Generally, there are two types of impermissible speech: that which relates to another, and that which relates to yourself. The former is more dangerous because it affects the rights of others, and its harm may reach you in the hereafter. The Blessed Prophet, Allah bless him and give him peace, said, “The bankrupt from amongst my community is the one who will come on Judgement Day with his prayers, fasts and alms, yet he swore at so and so, wrongfully accused so and so…” (Tirmidhi) The remainder of this lengthy tradition (hadith) apprises us that those wronged will come to receive their rights by taking this person’s good deeds. For anybody who believes in the reality of the hereafter and divine justice, this should make us all at least think twice or three times before reeling off a word or two by which one falls into the divine wrath. (Bukhari)

The types of speech which fall into this category are numerous, but some of the most important to keep in mind are as follows: (1) slander (ghiba), namely, to mention a fellow believer in their absence with words that they would dislike; (2) talebearing (namima), namely, saying words which worsen relations between people, or that which entails the divulging of something private; and (3) lying (kadhib), namely, to deliberately say something false. Finally, one of the cancers affecting the community of believers (umma) is anathema (takfir). This is something that must be left for the Muslim judge (qadi), or at the very least, senior jurisconsults (muftis), because ordinary people do not understand subtleties and intricate rulings. Condemning people to the Hellfire is extremely dangerous, the peril of which is palpable for everybody to see, both in our times and in recent history. 

6. Dignified Joking and Jest 

The condition for the permissibility of joking is that it is free of lying. Thereafter, it should be in moderation, like with all things, and it should certainly not turn into mockery or ridicule. Insulting one’s fellow believers is not permissible as many verses and traditions attest to. When free from the undignified, making believers laugh, bringing joy to their hearts and putting a smile on their face is a tremendous action worthy of a huge reward, particularly when coupled with an intention for Allah Most High. There are a number of traditions (ahadith) which record the humour and joking of the Beloved Messenger of Allah, Allah bless him and give him peace.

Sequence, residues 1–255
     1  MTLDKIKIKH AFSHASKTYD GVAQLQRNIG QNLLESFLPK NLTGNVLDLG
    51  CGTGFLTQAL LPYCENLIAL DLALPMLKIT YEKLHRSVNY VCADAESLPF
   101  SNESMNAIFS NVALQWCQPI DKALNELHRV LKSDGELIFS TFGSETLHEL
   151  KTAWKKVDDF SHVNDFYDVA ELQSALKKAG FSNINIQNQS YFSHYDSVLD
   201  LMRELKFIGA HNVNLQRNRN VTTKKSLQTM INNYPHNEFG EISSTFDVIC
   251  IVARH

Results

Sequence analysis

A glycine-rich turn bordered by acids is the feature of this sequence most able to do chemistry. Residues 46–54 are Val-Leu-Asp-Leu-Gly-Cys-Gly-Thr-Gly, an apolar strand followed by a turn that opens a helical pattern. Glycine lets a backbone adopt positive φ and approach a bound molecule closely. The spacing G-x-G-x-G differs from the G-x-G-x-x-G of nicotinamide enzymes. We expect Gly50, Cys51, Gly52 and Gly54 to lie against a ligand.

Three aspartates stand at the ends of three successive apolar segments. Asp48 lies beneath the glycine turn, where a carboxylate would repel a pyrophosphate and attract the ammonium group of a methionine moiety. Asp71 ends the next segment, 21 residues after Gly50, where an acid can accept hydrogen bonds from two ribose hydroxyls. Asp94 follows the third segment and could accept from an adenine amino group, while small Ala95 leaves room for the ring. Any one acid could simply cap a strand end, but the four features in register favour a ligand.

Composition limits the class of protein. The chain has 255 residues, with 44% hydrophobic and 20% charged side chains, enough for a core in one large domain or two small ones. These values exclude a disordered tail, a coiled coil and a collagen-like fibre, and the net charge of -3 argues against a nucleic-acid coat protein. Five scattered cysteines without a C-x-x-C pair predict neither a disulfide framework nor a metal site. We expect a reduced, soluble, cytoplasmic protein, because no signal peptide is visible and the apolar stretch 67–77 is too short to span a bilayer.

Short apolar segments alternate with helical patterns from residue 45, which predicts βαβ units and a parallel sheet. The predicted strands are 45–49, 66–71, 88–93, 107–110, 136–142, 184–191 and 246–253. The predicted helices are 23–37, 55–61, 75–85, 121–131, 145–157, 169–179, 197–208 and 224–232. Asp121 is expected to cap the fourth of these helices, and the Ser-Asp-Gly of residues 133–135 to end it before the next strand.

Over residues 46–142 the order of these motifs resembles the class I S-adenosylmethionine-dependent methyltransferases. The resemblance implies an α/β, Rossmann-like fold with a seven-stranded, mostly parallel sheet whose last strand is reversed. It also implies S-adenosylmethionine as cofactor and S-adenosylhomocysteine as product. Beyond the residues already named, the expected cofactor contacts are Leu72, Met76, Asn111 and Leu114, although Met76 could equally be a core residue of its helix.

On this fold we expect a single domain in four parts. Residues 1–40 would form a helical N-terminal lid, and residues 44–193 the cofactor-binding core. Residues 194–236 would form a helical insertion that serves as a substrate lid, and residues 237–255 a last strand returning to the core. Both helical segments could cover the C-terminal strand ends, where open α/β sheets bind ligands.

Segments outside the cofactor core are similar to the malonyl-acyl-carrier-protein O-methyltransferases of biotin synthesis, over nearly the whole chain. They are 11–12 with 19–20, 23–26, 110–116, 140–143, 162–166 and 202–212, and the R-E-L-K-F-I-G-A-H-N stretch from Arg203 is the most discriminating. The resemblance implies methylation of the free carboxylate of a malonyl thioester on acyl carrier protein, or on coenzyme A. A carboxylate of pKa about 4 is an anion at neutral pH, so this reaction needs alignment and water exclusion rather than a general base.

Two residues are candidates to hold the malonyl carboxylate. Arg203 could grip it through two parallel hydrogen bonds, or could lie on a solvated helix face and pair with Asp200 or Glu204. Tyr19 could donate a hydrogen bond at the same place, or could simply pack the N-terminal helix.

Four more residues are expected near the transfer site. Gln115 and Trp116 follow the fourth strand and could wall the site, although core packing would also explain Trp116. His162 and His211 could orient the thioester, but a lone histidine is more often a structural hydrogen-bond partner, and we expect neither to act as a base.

We pray that the All-Merciful overlooks our many shortcomings, increases us in presence and sincere following, and grants us the clarity and capacity to make speech-judgements that are in line with our next-worldly goals and hopes. All blessing and facilitation is from Him, Most High.

And Allah alone gives success.


 

 

Day 16: Speak Good About Others–30 Deeds 30 Days

Day 16: Speak Good About Others

Even if we dislike someone, we know that when we will be in Paradise together, there will be no hatred or grudges. Even if someone was a frequent sinner in this world, Allah can choose to completely forgive them. This teaches us that we should only see others in a positive light.

This Ramadan, try your best to speak positively about everyone else. Mention their good qualities, their strengths and their contributions. Introduce people to others and allow them to connect. There will be certain times where you have to be honest, but unless you absolutely must, try your best see the good in each person and every situation. By doing this, we can hope that Allah overlooks our faults and helps us when we need help.


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Day 10: Speak No Evil – 30 Deeds 30 Days

Day 10: Speak No Evil